NIH RAC Changes

The changes to the National Institutes of Health (NIH) Recombinant DNA Advisory Committee (RAC) protocol review and reporting structure, which were reflected in changes to the Federal Register on August 17th, 2018, will affect gene and cell therapy Sponsors in these three significant ways.

Therapies to Patients

The changes to the review and reporting structure reflect the changing landscape of gene and cell therapy being regarding in the drug development landscape as viable and realistic therapies for treating, and possibly curing, diseases. These therapies, which were at one point considered to be the “wild west” therapies of medicine, are becoming more mainstream and there has been a shift in the thinking of the regulators. The roadblocks and pinch points to developing gene therapies, which cost Sponsors time and money, are being removed from today’s drug development pathways. Most importantly, these NIH/RAC changes mean that efficacious and truly promising therapies can get to sick patients who need these therapies the most. Many gene and cell therapies that are being developed are meant to treat patients who have a great unmet need and who have limited treatment options, if they have any options at all. 

Time Constraints

Alleviating time delays and time constraints may be *the* most important change for Sponsors who are trying to develop gene and cell therapies. The NIH/RAC meets only 4 times a year. The Appendix M, containing the clinical study plan, had to be submitted ~8 weeks prior to the posted RAC meeting date. In order to submit Appendix M to the NIH/RAC a Sponsor needed to first obtain an IBC letter to accompany the Appendix M submission stating whether or not the IBC recommended, or did not recommend, a public meeting for the protocol. All of this had to be done in order to follow the proper procedure for registering a protocol with the NIH. The IBC review and assessment could take a few weeks or a few months. Then, if it was determined that a Sponsor did in fact need a public meeting, there was preparation time involved in that process as well. Lastly, the RAC recommendations issued at or after the meeting needed to be addressed and/or incorporated into the study protocol and study plan. All of these steps had to occur prior to an IND submission to the FDA for review. This process could significantly delay the submission of an IND and the start of the clinical trial. These proposed new changes to the NIH/RAC will eliminate all of this lag time prior to an IND submission.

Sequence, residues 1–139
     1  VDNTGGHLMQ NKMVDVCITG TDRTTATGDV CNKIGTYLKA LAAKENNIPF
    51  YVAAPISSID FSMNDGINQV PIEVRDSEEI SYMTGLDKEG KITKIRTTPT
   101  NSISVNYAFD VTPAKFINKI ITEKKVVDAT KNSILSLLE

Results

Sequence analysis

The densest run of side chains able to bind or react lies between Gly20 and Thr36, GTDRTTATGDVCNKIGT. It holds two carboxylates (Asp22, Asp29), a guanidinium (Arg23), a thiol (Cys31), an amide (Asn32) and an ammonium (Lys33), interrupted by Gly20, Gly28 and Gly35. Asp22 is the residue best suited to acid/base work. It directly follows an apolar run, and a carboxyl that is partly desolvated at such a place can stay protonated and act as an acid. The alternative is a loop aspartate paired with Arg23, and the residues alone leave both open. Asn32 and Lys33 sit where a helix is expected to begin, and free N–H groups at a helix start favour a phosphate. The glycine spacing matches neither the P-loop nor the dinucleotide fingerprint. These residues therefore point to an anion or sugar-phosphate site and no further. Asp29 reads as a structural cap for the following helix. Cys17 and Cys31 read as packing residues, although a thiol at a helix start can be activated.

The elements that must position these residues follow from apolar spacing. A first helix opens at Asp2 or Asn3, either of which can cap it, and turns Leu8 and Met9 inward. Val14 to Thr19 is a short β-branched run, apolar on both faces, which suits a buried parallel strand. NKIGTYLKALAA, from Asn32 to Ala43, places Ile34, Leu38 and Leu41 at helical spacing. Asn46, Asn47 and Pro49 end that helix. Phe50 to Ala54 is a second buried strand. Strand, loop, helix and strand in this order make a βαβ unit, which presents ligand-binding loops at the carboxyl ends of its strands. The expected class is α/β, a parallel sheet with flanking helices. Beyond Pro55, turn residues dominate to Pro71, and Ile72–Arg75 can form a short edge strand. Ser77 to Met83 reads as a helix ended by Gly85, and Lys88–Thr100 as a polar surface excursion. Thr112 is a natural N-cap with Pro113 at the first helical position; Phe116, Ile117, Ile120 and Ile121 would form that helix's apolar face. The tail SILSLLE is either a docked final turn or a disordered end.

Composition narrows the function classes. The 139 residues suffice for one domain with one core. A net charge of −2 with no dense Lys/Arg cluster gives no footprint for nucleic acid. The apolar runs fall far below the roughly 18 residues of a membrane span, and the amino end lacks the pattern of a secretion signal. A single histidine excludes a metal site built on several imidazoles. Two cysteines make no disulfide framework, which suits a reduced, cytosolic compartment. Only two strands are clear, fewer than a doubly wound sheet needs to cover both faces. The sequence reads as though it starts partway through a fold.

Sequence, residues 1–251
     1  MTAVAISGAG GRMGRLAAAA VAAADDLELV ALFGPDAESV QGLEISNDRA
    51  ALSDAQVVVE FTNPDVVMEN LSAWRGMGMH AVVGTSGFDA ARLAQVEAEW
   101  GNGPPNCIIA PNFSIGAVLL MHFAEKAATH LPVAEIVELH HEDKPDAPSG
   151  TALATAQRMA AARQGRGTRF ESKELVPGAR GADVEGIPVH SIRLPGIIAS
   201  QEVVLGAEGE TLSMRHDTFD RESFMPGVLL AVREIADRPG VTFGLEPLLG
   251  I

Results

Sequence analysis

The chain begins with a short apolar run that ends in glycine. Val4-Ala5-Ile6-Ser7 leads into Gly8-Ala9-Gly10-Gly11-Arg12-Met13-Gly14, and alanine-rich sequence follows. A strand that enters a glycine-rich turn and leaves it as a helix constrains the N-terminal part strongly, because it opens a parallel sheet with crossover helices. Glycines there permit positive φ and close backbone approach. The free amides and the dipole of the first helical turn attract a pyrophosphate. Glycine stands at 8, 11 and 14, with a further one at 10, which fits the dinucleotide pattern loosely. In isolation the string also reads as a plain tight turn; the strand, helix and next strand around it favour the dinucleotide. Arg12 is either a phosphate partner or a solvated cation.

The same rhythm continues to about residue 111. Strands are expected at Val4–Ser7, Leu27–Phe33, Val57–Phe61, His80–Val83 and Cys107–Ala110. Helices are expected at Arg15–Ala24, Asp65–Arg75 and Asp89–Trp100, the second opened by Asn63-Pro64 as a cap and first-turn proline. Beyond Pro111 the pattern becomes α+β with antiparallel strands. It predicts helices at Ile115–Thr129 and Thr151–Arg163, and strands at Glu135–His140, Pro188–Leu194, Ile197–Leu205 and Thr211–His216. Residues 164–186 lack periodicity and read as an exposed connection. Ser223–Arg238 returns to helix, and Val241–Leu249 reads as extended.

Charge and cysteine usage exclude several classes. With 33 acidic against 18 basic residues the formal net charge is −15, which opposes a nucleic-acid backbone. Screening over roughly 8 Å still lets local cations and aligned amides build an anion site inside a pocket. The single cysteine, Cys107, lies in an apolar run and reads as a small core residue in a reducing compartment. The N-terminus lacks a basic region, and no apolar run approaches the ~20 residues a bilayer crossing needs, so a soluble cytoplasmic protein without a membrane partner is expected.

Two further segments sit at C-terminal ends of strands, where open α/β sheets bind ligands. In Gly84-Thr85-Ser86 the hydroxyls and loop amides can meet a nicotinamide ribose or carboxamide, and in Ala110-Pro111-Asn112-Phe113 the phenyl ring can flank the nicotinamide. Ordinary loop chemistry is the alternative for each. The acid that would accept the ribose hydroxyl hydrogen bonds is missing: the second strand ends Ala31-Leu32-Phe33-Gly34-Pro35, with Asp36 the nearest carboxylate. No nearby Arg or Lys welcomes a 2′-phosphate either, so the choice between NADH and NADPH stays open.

Burden of Duplicate Reporting

Once a gene or cell therapy protocol is registered with the NIH/RAC, another requirement is for a Sponsor to submit the following to both the NIH/RAC and to the FDA:

  • Annual Reports/DSURs,
  • Protocols and Amendments
  • Clinical investigator information and
  • Serious Adverse Events (GeMCRIS Safety database)

The purpose of this was to ensure that both the NIH and the FDA had the same documents available, which could lend itself to seamless discussion, review, and understanding of a therapy and the progress of a product. It was also required in order to make discussions between the two Agencies easier. What this meant for Sponsors was duplication of submissions. Submissions that go to the FDA are electronically submitted via the Electronic Submission Gateway (ESG) in a specific CTD format. However, the NIH does not have an ESG, so every submission had to be re-formatted and/or re-published in order to submit it to the NIH/RAC via a bookmarked PDF and an e-mail attachment(s). Therefore, every submission turned into 2 individual and distinct submissions done in entirely different ways. 

The changes to the NIH/RAC review process means that therapies will get to the patients who need them faster, that cell and gene therapy companies will not face as many delays to IND and first-in-human clinical trials, and that the burden of duplicative reporting will be eliminated.

 Reference: New England Medical Journal